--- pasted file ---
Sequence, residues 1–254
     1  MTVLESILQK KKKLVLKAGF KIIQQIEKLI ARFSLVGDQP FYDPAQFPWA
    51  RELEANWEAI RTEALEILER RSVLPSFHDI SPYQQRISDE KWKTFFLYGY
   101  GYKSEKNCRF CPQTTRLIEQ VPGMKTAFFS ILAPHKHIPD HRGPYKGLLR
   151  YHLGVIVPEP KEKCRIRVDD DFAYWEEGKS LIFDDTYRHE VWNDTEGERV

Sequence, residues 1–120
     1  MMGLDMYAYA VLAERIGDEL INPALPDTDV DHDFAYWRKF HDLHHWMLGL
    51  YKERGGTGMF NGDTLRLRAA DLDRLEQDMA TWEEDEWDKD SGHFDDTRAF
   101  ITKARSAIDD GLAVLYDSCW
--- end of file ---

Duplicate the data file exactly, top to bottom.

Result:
Sequence, residues 1–254
     1  MTVLESILQK KKKLVLKAGF KIIQQIEKLI ARFSLVGDQP FYDPAQFPWA
    51  RELEANWEAI RTEALEILER RSVLPSFHDI SPYQQRISDE KWKTFFLYGY
   101  GYKSEKNCRF CPQTTRLIEQ VPGMKTAFFS ILAPHKHIPD HRGPYKGLLR
   151  YHLGVIVPEP KEKCRIRVDD DFAYWEEGKS LIFDDTYRHE VWNDTEGERV

Sequence, residues 1–120
     1  MMGLDMYAYA VLAERIGDEL INPALPDTDV DHDFAYWRKF HDLHHWMLGL
    51  YKERGGTGMF NGDTLRLRAA DLDRLEQDMA TWEEDEWDKD SGHFDDTRAF
   101  ITKARSAIDD GLAVLYDSCW